The film follows an Iranian man as he attempts to find someone who will bury him under a tree after he decides commits suicide. While seemingly straightforward, this is not a task as easily accomplished as he wishes. No one wants to help him, and no one wants to take part in his plans despite a handsome cash reward.

The key cinematic device used throughout is forced perspective. The camera is stationary and many of the same shots are repeated continuously throughout. Almost all of the action in the film takes place in a moving car as it traverses the isolated hillside roads. The stationary camera does not allow for fluidity in motion, rather we cannot look away implying a correspondence with our protagonist, in that he can no longer see the beauty of life.

To go back to film theory, this is a perfect example of French Psychoanalyst Jacques Lacan’s Real, Imaginative and Symbolic. A quick overview:

  • 1) Symbolic – A shared set of symbols, in which communication is impossible without. In our everyday lives we live in the symbolic. This includes language, culture, religion, art etc.
  • 2) Imaginary – Private, incommunicable, fantasy, dreams, desire. These are elements that are unique to oneself. To communicate the Imaginary we must use the Symbolic which in turn kills the Imaginary. “Crazy” people are in the Imaginary in that the Symbolic fails them.
  • 3) Real – The external powers over which we have no control. i.e. Death and pain. We cannot bear the real, the symbolic and the imaginary protect us from the real. Our own bodies are in the real.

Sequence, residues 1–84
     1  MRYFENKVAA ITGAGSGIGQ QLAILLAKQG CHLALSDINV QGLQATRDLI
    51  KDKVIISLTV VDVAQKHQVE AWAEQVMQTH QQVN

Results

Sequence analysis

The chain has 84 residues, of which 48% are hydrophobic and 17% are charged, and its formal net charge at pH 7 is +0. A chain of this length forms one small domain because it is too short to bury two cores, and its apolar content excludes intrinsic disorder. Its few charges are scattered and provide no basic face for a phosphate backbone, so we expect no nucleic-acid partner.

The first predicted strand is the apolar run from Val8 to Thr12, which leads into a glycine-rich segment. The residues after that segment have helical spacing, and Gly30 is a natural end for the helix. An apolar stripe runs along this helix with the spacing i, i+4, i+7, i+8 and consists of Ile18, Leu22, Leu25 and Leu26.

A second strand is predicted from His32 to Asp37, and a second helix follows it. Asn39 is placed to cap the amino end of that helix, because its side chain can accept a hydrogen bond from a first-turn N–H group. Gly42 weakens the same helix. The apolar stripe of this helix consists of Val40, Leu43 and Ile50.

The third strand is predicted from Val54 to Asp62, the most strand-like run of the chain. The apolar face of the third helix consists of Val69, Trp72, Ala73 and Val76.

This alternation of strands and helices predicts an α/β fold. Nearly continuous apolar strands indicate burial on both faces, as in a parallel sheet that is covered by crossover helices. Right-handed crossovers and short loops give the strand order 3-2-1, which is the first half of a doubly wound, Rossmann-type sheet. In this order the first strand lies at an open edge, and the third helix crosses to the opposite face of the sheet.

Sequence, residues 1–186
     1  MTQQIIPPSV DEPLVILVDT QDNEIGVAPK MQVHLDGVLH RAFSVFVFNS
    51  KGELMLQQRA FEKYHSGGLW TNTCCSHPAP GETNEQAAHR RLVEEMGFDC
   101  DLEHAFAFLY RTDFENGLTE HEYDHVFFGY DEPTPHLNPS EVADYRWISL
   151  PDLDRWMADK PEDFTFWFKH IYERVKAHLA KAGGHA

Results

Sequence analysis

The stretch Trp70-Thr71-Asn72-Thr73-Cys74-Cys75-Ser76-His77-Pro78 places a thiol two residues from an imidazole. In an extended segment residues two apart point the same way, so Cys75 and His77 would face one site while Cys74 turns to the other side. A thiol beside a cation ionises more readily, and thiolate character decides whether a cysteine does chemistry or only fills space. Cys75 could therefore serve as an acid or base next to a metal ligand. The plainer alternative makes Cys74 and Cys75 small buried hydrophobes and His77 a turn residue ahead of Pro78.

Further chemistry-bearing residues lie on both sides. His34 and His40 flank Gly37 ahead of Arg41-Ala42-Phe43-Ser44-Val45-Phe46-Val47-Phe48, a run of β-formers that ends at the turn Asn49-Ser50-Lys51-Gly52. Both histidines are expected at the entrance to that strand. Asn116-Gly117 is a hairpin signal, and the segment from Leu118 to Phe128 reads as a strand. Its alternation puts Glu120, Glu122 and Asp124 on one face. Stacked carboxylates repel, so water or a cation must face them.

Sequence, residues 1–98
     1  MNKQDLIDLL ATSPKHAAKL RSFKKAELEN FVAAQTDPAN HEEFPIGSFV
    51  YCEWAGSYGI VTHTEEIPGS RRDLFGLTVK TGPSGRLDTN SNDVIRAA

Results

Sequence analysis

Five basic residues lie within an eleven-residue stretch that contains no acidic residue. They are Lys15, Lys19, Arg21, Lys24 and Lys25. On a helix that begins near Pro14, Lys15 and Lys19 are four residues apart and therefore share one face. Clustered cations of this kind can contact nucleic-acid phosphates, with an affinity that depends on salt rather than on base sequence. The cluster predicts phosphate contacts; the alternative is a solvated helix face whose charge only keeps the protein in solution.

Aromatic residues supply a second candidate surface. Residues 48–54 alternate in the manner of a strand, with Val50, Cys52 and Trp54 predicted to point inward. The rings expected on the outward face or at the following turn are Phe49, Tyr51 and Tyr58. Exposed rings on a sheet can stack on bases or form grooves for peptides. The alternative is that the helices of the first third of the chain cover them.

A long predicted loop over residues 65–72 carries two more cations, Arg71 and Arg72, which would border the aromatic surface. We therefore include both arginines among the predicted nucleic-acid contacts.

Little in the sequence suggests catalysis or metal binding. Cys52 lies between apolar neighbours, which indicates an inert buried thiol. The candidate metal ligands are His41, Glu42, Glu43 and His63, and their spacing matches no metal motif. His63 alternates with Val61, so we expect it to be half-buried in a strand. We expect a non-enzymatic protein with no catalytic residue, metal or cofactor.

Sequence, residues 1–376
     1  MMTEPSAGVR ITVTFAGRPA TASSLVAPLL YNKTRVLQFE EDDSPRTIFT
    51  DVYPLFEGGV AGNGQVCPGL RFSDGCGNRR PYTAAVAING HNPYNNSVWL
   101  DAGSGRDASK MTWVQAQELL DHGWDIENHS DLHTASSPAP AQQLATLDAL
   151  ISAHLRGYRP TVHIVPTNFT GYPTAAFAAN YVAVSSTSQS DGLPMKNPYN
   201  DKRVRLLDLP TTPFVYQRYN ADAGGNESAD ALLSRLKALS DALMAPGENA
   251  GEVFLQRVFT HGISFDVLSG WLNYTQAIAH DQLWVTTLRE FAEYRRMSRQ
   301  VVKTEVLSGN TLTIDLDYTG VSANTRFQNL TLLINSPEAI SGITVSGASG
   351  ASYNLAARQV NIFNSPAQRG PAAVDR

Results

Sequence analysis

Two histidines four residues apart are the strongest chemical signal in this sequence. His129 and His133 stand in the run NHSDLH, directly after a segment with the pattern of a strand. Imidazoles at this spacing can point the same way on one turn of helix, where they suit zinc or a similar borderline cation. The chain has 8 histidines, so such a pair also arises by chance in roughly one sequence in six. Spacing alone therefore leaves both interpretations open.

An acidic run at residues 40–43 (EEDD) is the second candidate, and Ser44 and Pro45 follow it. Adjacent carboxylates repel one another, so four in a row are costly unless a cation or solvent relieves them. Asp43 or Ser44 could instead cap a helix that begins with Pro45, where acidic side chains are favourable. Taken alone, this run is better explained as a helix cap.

So now that we’re all caught up, we can apply these theories to the film. We are following a man who is tired, exhausted of the Symbolic, and in which the Imaginary can no longer provide comfort. He is a man driving towards the Real. Death is symbolized (lower capital) in the dirt he wants to bury him and the dirt he keeps visiting in the various construction sites he drives past. To him the dirt is the ultimate Real. He has such trouble finding someone to bury him in that they are not ready for the Real, and will not help him in his journey.

When our protagonist finally finds someone willing to bury him, this is the moment of hesitation. He says, do not just bury me, anymore, but asks the man to really check that he is dead. If he lives, then he wants to live. However, the final scene of the film does not allow us any real answers. In a self-reflexive ending, the film-maker takes us out of the Symbolic realm of the film and shows us the actual mechanisms of film itself – the director, the cameraman, the actors, etc. We do not know the ultimate fate of the protagonist, we simply know the car drives away and life goes on – it could be with the protagonist or not. The filmmaker himself denies the audience access to the Real as well.

A self-reflexive, realist film, Taste of Cherry forces us to analyze the world around us, and asks us to appreciate the little things in life, and to take joy in anything and everything. A sunset, a breeze, a cup of tea, or the taste of cherries.